Abstract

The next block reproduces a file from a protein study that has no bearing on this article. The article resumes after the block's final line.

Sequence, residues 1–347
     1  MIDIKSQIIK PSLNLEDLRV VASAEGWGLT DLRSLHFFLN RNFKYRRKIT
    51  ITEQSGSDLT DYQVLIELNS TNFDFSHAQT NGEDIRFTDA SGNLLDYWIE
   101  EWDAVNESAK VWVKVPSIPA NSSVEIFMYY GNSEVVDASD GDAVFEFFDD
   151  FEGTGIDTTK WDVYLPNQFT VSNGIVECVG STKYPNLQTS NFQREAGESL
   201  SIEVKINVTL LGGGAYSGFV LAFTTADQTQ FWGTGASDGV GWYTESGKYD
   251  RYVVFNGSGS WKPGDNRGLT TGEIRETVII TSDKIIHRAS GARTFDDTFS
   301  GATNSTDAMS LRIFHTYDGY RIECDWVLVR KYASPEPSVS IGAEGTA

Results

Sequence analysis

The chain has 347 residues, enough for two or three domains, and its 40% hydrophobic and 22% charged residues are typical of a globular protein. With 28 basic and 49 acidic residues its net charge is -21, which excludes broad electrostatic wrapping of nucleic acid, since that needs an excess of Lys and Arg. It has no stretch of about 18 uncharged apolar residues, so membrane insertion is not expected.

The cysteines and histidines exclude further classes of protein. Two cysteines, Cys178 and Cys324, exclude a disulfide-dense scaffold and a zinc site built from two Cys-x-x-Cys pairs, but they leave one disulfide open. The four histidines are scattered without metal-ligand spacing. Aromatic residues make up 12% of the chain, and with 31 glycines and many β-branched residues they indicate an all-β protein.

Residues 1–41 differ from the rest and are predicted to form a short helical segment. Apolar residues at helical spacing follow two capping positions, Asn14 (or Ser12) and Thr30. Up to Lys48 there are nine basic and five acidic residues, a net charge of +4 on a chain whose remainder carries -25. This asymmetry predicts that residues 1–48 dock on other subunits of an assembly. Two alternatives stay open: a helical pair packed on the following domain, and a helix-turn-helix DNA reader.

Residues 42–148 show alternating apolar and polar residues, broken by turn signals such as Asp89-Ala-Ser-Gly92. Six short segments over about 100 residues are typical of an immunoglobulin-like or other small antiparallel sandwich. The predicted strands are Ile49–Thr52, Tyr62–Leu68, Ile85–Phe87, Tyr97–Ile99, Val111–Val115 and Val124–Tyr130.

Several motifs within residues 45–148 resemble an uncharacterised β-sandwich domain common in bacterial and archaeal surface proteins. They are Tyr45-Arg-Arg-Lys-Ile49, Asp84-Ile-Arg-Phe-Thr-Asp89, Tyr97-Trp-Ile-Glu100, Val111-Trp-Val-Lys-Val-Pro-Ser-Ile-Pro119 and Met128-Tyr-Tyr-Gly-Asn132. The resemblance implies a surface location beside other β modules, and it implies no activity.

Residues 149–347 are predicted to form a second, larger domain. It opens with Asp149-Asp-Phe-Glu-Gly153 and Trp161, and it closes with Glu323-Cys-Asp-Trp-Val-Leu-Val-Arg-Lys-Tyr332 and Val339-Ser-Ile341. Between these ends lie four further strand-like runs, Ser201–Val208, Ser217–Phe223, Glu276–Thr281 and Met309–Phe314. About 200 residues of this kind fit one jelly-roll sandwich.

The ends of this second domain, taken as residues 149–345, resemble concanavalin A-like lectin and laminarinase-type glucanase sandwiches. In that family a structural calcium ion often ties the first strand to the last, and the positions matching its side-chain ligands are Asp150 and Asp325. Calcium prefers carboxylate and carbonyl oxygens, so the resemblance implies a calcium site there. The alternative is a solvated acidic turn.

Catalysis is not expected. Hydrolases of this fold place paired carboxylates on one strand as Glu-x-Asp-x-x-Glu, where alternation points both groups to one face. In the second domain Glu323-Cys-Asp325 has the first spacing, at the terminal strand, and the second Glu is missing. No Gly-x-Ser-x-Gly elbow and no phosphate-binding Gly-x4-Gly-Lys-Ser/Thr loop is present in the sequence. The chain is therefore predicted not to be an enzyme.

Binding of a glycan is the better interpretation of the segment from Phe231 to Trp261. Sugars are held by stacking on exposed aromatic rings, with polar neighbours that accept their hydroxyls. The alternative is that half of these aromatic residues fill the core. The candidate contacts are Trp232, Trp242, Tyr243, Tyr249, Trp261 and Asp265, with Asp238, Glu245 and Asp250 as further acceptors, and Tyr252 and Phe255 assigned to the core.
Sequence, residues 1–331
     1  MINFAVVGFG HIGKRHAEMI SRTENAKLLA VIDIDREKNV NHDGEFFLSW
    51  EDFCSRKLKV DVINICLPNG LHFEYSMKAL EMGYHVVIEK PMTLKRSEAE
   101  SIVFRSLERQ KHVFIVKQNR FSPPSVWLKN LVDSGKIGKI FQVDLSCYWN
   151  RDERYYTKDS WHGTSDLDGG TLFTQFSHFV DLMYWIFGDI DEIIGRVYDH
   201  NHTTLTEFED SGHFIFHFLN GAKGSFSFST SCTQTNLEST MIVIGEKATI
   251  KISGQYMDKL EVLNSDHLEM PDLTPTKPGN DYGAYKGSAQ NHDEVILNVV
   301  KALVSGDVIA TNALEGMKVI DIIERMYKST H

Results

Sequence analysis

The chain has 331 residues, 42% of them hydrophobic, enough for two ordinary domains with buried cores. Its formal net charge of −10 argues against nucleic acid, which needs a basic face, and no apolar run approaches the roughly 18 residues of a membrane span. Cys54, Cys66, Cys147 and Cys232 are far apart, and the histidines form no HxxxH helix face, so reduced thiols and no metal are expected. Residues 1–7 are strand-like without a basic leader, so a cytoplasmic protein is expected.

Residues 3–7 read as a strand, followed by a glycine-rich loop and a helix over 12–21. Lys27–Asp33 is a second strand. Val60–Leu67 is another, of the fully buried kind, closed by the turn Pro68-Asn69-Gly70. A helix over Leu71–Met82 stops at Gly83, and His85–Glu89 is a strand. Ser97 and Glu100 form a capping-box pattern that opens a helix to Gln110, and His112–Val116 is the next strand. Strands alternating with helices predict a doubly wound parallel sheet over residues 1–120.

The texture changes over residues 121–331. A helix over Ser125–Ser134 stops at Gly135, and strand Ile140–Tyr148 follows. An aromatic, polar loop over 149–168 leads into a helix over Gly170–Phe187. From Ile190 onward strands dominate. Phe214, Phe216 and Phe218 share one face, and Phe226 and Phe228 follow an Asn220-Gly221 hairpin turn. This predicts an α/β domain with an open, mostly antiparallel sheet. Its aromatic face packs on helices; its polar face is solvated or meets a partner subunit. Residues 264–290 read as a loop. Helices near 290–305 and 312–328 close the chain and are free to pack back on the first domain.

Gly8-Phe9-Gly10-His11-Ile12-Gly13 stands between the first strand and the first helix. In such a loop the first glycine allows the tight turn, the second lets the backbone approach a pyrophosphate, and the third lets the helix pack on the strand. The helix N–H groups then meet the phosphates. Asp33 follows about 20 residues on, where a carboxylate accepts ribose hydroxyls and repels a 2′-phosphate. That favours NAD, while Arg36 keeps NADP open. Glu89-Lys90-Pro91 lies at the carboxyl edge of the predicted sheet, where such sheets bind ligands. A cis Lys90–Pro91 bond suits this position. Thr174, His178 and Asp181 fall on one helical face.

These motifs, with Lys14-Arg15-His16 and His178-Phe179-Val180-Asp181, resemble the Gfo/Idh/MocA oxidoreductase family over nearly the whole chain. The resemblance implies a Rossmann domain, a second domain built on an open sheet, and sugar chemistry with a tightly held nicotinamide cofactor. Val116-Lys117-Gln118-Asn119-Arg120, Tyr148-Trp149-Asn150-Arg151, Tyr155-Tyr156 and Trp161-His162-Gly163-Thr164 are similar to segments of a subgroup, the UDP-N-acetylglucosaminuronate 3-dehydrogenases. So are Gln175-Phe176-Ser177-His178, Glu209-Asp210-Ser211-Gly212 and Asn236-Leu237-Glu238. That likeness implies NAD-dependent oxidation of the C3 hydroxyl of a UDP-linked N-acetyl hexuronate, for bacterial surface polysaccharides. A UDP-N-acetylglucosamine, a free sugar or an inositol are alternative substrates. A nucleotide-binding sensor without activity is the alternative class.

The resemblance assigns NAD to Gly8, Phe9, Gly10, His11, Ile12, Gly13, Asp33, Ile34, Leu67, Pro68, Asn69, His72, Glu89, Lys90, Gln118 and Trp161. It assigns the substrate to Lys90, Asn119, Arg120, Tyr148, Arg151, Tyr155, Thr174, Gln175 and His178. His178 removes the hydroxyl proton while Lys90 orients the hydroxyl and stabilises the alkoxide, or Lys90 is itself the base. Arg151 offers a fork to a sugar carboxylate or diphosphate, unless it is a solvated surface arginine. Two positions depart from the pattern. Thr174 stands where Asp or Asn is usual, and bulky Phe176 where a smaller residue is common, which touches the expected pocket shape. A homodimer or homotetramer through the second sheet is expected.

In adult primate visual cortex, the calcium-binding proteins calbindin (CB) and parvalbumin (PV) are localized in different subsets of GABAergic neurons with a characteristic laminar distribution. However, the emergence and development of CB and PV in relation to the periods of functional maturation of the human visual cortex are not known. Therefore, we examined (i) postnatal changes in the distribution of immunoreactivity (ir) for CB and PV in the visual cortex; (ii) the pattern of changes in immunoreactivity in relation to the synaptic maturation; and (iii) differences in the maturation of CB and PV immunoreactivity between areas 17 and 18. We found a consistently high expression of CB in neonatal visual cortex, particularly in layer IV and infragranular layers. However, despite an early appearance of PV, its peak in development occurred only after 2 months of age, characterized by a transient overexpression in the thalamo-recipient layer IV and a continuous inside-out maturation in supragranular layers. The neonatal pattern of high CB-ir in layers IV-VI was transformed during infancy and childhood into an adult pattern of high CB-ir in layer II, but low CB-ir in layer IV and infragranular layers. There was no difference in pattern and tempo of maturation of calcium-binding proteins between area 17 and 18, indicating simultaneous development of cortical inhibitory circuits among cytoarchitectonically and functionally distinct cortical areas. In addition, the reorganization of CB/PV expression temporally and spatially coincides with the course of cortical synaptogenesis, and delineates the major stages of maturation of the human visual cortex.